Elevate Difference

Reviews tagged France

Paris Was Ours

“Paris lives in its details,” observes one contributor to this collection of essays. But equally true is the idea of Paris that thrives through clichés. You’ll find spare references to the Eiffel Tower, berets, cheese, and wine in Paris Was Ours, although the apparently ineluctable forms of French snobbery are discussed. What this anthology delivers instead are a wide breadth of creative and nuanced meditations on the culture, history, and inhabitants of the City of Light, confirming that all our romantic associations with Paris, despite the city’s faults, are quite justified.

Poverty, Charity, and Motherhood: Maternal Societies in Nineteenth-Century France

The Society for Maternal Charity, a women-run organization, survived more than one hundred years through wars, revolutions, and changes of government. The group began because the large numbers of foundlings, abandoned due to poverty, were not only expensive for the State but had a very high mortality rate. The women’s societies were viewed as better bargains than orphanages and an extension of the women’s domestic sphere. Besides, France needed population for cannon fodder in its many wars.

Poverty, Charity, and Motherhood: Maternal Societies in Nineteenth-Century France

The women-run organization The Society for Maternal Charity survived more than a hundred years of wars, revolutions, and government changes. Initially the group began because of the number of children being abandoned due to poverty. Not only were these foundlings expensive for the state, but they also had a very high mortality rate. Women’s societies were viewed as more ideal than orphanages and seen as an extension of the women’s domestic sphere.

Partir (Leaving)

David McKenzie’s Asylum is a flawed but breathtakingly compelling portrait of violent sexual obsession, deception, and mental illness. Unremittingly dark, this film also presents us with a woman who rails against the constraints placed on women in 1950s middle class Britain. Stella (Natasha Richardson) is a bored housewife who makes her home on the grounds of a mental hospital outside London.


Phillippe Lioret’s award-winning film, Welcome, zooms in on the anti-Muslim attitudes now gripping much of the Western world. The result is compelling, poignant, and profoundly tragic. At the center of the story is Bilal (Firat Ayverdi), a seventeen-year-old Iraqi Kurd who has somehow traveled to Calais, a small city on the northern coast of France.

Colonial Metropolis: The Urban Grounds of Anti-Imperialism and Feminism in Interwar Paris

Interwar Paris conjures up images of romance and renewal. From the ashes and rubble of the First World War, families reunite and rebuild under what seemed to be the end of the most dire of circumstances.

Captive Queen: A Novel of Eleanor of Aquitaine

Alison Weir is first a historian, and it shows in Captive Queen. She studied Eleanor of Aquitaine in the 1970s and 1990s and realized one day that “the nature of medieval biography, particularly of women, is the piecing together of fragments of information and making sense of them.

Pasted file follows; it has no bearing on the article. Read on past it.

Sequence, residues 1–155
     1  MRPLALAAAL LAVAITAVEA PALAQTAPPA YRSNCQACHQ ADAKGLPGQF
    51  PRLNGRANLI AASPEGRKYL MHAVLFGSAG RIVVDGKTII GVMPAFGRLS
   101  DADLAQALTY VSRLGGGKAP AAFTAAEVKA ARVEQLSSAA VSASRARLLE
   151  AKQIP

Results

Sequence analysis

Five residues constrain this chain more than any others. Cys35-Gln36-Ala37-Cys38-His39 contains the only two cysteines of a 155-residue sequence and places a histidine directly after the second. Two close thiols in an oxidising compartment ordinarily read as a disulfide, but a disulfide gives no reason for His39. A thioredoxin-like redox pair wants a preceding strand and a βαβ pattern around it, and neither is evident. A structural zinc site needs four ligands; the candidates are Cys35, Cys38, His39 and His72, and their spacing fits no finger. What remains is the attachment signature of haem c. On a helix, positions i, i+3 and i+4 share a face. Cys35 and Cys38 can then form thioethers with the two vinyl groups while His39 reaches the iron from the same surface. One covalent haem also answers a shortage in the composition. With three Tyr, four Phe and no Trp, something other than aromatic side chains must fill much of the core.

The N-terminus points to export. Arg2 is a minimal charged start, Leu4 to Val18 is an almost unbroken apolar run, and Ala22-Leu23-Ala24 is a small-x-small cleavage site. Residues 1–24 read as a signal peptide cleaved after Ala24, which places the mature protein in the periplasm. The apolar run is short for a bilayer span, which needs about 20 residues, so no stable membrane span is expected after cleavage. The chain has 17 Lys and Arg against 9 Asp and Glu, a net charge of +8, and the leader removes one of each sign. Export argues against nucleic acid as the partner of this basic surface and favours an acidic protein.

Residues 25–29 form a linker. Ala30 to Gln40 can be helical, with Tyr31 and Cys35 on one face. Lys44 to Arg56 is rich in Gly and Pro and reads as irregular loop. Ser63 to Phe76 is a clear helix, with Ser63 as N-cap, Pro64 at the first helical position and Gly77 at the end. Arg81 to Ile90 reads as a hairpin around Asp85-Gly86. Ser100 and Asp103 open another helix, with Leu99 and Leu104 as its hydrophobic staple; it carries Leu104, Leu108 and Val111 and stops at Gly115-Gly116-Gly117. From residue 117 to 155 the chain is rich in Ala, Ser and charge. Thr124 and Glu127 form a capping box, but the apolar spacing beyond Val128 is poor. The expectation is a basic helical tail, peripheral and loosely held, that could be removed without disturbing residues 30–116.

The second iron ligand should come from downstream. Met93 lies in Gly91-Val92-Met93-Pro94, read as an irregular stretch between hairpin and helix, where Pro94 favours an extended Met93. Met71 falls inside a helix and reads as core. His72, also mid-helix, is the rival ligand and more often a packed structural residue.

Coco Before Chanel

Spoiler Alert Prior to seeing this movie, I associated Coco Chanel with couture fashion and high society women with size two figures, like Audrey Hepburn and Nancy Reagan. Coco Before Chanel introduces us to the woman Chanel was before revolutionizing women’s fashion and becoming a fashion icon to the rich, famous and not so famous.


Reading this review will tell you all you need to know about Taken. If you haven't see the film, perhaps now is the time for you to cease reading, as spoilers abound.

The Women Incendiaries

The Women Incendiaries was reprinted in paperback this year from the nonprofit book publisher, Haymarket Books. This classic feminist text was first published in France in 1963 and translated to English three years later.

The Five-Forty-Five to Cannes

No point beating about the bush. Might as well get the finale over with right now at the top, instead of coyly building to it with flourishes of logic and neat exempla. Here goes. This is one terrific book Tess Uriza Holthe has written. It's tough, slapstick, delicate, witty, bawdy, rueful and superbly crafted. One minute she throws her head back in laughter; the next she whips out a blade and knifes you in the ribs. Can't trust her at all, meaning she's the best sort of writer.

The Bridesmaid

Claude Chabrol is a grandfather of French cinema; he is one of the major figures of the French New Wave who is still making frequent, full-length films.

Glory in a Line: A Life of Foujita

Readers interested in art, Paris, Tokyo, or multiculturalism in the first half of the twentieth century will enjoy Phyllis Birnbaum’s carefully documented biography of Foujita’s tumultuous life as an aristocratic playboy and fiercely dedicated artist, both acclaimed and vilified for his controversial works.

Breaking the Silence: French Women’s Voices from the Ghetto

In her recently translated book Breaking the Silence, Fadela Amara attempts to rework and redefine feminism as it relates to her specific time and place. As a Muslim girl of Algerian immigrant parents growing up in the projects, Amara’s experience of feminism as the term is traditionally defined by western academics was non-existent. In fact, her book critiques the very term as it exists now, perceived by her to be owned by the white middle and upper-class women who coined it.